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!Kung Bushmen Hunting Equipment 1966

Human Studies Film Archives
Cataloging supported by Smithsonian Institution Women's Committee

Edited film shot in the Nyae-Nyae region of the Kalahari in Namibia. Shown in detail are all the pieces of the !Kung hunting kit and how each piece is made and used, from the collection of the raw materials to the final fabrication, including the preparation of poison arrows. Film is made from footage shot in conjunction with the 1952-1953 expedition supported by the Peabody Museum of Harvard University and the Smithsonian Institution.

!Sera toda nuestra!

Smithsonian American Art Museum

" A Land Tort" 1889 Painting/Photomechanical

National Anthropological Archives
Copies by Charles Praetorius, 1889-1893, from Original John White Watercolors in British Museum, 1585; Original Number: 68

Colored pencil Watercolor painting and photomechanical on paper mount

Chelonian

" Nous jurons de faire baiser la Toile"

Cooper Hewitt, Smithsonian Design Museum
Parody of David's painting "The Oath of the Horatii" with textile merchants in a shop interior.

"'Noffset' Prevents Offest"

National Museum of American History

"(When We Are Dancing) I Get Ideas” Sheet Music

National Museum of American History
This sheet music is for the song “(When We Are Dancing) I Get Ideas.” The song had lyrics written by Dorcas Cochran and music composed by Julio Sanders. The sheet music was published by Hill and Range Songs, Inc. in 1951. The cover features and image of Tony Martin, who “successfully recorded” the song for Victor Records.

"... Second Liberty Loan of 1917: Buy A Bond"

National Museum of American History

"... in Whom I Am Well Pleased"

Smithsonian American Art Museum

"... the Smithsonian is just the coolest thing ever ..."

National Museum of Natural History
Recorded onsite at NMNH's Centennial exhibit.

"... this has always been known as 'Daddy's Museum' and eventually 'Grandpa's Museum'"

National Museum of Natural History
Recorded onsite at NMNH's Centennial exhibit.

"...But the women rose..." Vol.1 [sound recording] / compiled and edited by Susan Kempler and Doreen Rappaport

Ralph Rinzler Folklife Archives and Collections
Program notes (7 p.) inserted in container.

"10 Free Hours!" Marketing and the World Wide Web in the 1990s

National Museum of American History
A floppy disk advertising AOL: It's free! It's easy! It's fun.Remember these?

Getting free stuff in the mail can be exciting, especially if the stuff that’s free is new and novel. On the other hand, it can be frustrating to have unsolicited stuff pouring into your mailbox. From the mid-1990s to the early 2000s, households across the United States received promotional disks in the mail from online service providers. These mailings contained free floppy disks (and later CD-ROMs) for software that provided access to the World Wide Web (WWW), a browser-based application for connecting to the internet made available to ordinary consumers in the early 1990s. Disks in flashy packaging with eye-catching slogans hawked several free hours of web browsing to entice newcomers to the online experience.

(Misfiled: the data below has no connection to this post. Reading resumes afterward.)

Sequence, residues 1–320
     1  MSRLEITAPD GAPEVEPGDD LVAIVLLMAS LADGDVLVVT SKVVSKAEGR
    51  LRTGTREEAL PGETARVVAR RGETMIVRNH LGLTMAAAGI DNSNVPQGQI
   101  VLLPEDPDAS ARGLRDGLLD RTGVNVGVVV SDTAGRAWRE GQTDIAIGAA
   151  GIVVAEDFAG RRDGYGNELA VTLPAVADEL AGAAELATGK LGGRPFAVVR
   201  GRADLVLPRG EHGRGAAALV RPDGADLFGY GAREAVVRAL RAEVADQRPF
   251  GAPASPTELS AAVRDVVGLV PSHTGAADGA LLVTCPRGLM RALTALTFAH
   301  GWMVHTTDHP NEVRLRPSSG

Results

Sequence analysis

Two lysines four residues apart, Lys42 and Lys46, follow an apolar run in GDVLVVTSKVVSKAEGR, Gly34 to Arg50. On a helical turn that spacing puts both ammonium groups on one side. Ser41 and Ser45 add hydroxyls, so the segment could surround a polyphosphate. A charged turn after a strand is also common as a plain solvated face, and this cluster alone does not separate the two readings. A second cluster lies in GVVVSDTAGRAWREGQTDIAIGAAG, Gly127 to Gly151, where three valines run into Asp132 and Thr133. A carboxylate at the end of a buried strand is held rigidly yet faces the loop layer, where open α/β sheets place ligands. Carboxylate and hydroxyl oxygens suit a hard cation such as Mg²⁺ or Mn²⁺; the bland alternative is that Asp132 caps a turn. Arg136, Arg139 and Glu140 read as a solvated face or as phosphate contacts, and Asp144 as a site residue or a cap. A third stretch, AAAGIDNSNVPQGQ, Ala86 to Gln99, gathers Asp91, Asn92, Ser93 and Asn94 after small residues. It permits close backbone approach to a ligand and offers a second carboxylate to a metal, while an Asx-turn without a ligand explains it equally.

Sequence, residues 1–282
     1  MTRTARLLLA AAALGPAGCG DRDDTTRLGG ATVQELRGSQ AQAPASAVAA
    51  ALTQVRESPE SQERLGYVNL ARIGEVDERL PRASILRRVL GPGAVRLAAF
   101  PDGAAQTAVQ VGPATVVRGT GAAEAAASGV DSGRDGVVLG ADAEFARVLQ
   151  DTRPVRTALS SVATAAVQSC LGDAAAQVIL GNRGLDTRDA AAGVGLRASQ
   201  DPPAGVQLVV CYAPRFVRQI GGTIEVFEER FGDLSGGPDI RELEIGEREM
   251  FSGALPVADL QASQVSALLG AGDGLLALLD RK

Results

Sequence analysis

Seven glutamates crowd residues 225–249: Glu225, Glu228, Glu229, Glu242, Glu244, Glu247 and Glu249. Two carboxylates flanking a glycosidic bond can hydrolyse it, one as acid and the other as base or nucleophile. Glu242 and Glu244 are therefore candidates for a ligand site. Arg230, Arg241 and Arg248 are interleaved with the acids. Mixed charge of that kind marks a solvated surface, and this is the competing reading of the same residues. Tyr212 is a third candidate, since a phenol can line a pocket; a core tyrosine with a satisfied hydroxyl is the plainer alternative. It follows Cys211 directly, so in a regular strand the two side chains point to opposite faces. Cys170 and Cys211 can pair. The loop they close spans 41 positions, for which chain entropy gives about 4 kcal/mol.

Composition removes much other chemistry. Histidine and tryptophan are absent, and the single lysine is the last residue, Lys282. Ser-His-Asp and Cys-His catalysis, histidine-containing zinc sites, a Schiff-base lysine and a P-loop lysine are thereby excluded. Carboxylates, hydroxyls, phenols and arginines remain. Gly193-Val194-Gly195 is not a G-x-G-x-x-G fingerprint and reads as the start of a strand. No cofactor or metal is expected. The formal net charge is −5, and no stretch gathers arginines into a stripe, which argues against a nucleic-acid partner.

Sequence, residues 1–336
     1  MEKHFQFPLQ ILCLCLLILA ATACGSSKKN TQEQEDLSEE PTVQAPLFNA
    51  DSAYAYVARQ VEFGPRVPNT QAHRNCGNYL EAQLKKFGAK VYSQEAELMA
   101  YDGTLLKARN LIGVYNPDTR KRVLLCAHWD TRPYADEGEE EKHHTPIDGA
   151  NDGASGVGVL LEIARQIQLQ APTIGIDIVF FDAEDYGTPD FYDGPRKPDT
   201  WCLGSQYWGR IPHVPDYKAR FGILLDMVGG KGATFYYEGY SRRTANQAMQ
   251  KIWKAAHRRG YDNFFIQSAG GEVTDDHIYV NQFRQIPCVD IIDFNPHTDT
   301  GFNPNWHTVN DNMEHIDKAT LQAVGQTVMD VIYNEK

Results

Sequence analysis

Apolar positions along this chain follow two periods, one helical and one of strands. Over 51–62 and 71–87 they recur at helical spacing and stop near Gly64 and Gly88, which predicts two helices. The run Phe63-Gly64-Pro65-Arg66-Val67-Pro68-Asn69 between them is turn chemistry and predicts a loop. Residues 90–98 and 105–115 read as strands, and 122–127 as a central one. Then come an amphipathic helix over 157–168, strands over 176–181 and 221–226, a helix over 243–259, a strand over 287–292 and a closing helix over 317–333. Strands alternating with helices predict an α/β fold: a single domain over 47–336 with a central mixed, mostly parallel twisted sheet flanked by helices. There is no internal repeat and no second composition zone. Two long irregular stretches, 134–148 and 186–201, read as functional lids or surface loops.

The museum’s Computing Collection contains examples of these direct-to-consumer mailings of web browsing software. America Online (AOL) is well represented in our collection, but we also have disks from CompuServe, Prodigy, and Global Network Navigator.

Multiple rectangular cardboard boxes. They're colorful with advertising.A group of mailings from several online service providers in the museum's Computing Collection.

AOL was notorious for aggressive direct-to-consumer marketing campaigns, as the company competed with other providers to get more consumers online, browsing the web, and paying to access it. Why did AOL opt for this aggressive and undifferentiated approach to gaining more clientele? The newness of browsing the web, joining chat rooms, and sending and receiving electronic mail were mediated by desktop computers outfitted with bulky monitors. To a consumer unfamiliar with computing technology in the early 1990s, gaining access to a personal computer and experiencing the dial-up process of connecting to the web were far from trivial activities. AOL’s “bundled solutions” offered a one-stop portal on a user-friendly interface at a time when more discriminating consumers could instead purchase separate providers, search portals, news sites, and map providers in an à-la-carte fashion. So how do you get a population unfamiliar with the experience of connecting to and browsing the web to buy into it? AOL’s approach amounted to bombarding consumers with promotional material from several avenues.

In addition to shipping disks to mailboxes across the country, AOL distributed disks as part of promotional sample packages at Blockbuster Video and placed them at stadium seats at NASCAR races, at the Super Bowl, at seats on American Airlines commuter flights, and even in flash-frozen packages for Omaha Steaks!